Gestational diabetes.

Gestational diabetes is a type of diabetes that can develop during pregnancy. Some people can manage it by eating a healthy diet, keeping active and staying a healthy weight. Others may need medication.

It's natural to feel concerned if you are diagnosed with gestational diabetes, or you have been told you are at risk. But gestational diabetes is fairly common: it affects around it affects around 1 in every 20 pregnancies.

Anyone can get diabetes in pregnancy, but there are some things that increase the risk of gestational diabetes.

In the UK, you will be offered a test for gestational diabetes if you are pregnant and your healthcare team thinks you could be at risk. People are sometimes surprised to find out they have the condition, because this test often finds it before they have symptoms

“Most mums I’ve met who had gestational diabetes have struggled with guilt, particularly in the beginning. Yes, there are ways to reduce your risk of developing the condition, such as diet and exercise. But if you do develop gestational diabetes, it doesn’t mean you did anything wrong. Anyone can develop it.”


If you have gestational diabetes, you may be able to manage the condition by eating a healthy diet, staying active, and maintaining a healthy weight. If these changes are not enough to control your blood sugar (glucose) levels, you will be offered tablets or insulin.

Some people feel anxious about possible complications during pregnancy or birth, or about the long-term impact of gestational diabetes. Others worry about it affecting their birth plan. Bear in mind as well that most people with gestational diabetes have healthy pregnancies and healthy babies, as long as the condition is diagnosed and managed well.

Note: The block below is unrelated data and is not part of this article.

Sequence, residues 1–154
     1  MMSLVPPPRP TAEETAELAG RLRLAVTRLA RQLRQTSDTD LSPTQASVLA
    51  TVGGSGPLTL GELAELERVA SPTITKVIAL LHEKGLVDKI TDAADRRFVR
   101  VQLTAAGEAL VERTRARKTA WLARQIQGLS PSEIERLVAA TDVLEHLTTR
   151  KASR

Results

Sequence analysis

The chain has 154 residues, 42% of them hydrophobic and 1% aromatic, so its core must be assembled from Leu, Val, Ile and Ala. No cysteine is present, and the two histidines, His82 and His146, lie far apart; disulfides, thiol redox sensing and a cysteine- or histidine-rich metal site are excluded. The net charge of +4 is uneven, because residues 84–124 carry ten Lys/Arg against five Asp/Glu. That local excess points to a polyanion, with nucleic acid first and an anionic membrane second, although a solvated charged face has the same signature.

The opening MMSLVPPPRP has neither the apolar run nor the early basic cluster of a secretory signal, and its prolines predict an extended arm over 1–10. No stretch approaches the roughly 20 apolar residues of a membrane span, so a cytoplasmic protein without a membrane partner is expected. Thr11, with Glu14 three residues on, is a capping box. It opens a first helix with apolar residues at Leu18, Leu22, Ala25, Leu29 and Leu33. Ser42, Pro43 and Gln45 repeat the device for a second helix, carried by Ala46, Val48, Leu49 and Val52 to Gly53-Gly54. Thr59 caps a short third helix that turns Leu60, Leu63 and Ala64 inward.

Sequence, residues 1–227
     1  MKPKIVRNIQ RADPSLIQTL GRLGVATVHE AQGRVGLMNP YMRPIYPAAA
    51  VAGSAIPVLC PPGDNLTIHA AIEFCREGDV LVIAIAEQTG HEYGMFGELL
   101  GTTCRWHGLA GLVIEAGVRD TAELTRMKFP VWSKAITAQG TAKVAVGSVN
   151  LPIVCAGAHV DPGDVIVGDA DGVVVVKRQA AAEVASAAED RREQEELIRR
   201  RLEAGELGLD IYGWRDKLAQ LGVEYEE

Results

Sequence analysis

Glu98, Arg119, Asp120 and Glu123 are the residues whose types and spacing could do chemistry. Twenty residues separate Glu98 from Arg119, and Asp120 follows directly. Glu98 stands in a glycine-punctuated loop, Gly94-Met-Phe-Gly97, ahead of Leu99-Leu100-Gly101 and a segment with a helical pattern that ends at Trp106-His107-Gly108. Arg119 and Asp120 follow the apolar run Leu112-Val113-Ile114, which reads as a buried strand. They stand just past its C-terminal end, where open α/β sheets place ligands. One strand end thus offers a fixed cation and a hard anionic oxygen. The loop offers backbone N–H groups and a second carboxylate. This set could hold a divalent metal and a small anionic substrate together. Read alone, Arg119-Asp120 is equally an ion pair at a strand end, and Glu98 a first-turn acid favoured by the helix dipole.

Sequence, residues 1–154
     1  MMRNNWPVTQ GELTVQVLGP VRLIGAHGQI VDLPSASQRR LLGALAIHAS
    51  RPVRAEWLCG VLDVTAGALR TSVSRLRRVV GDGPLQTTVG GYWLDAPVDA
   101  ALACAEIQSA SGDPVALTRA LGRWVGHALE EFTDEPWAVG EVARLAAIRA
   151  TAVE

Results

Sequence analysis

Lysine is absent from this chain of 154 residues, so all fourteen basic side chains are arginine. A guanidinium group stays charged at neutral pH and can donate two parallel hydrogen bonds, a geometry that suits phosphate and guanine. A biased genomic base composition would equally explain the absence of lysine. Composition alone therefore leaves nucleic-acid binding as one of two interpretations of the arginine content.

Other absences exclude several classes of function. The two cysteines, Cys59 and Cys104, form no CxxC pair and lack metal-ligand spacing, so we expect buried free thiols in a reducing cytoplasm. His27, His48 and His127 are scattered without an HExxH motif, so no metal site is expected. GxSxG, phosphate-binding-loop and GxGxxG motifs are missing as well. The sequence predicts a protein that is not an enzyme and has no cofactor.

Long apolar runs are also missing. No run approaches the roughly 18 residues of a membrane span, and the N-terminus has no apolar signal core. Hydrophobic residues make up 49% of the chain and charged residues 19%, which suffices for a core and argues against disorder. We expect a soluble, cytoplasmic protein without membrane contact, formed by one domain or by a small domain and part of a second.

Royal College of Obstetricians & Gynaecologists, Diabetes UK (2021). Gestational diabetes - Information for you. Available at: (Accessed January 2024) (Page last reviewed 09/2021)

Li Y, Ren X, et al. (2020). 'Maternal age and the risk of gestational diabetes mellitus: A systematic review and meta-analysis of over 120 million participants'. Diabetes Research and Clinical Practice. 162:108044.

NHS website (2022). Gestational diabetes. (Accessed January 2024) (Page last reviewed 08/12/2022. Next review due 08/12/2025)

National Institute for Health and Care Excellence (2020). Diabetes in pregnancy: management from preconception to the postnatal period. NICE guideline 3. Available at: (Accessed January 2024) (Page last reviewed 16/12/2020)

Qiu Y, Zhang X, et al. (2022). 'Association between Polycystic Ovarian Syndrome and Risk of Gestational Diabetes Mellitus: A Meta-Analysis'. Gynecol Obstet Invest. 87(2):150–8.


Review dates
Reviewed: 14 February 2024
Next review: 14 February 2027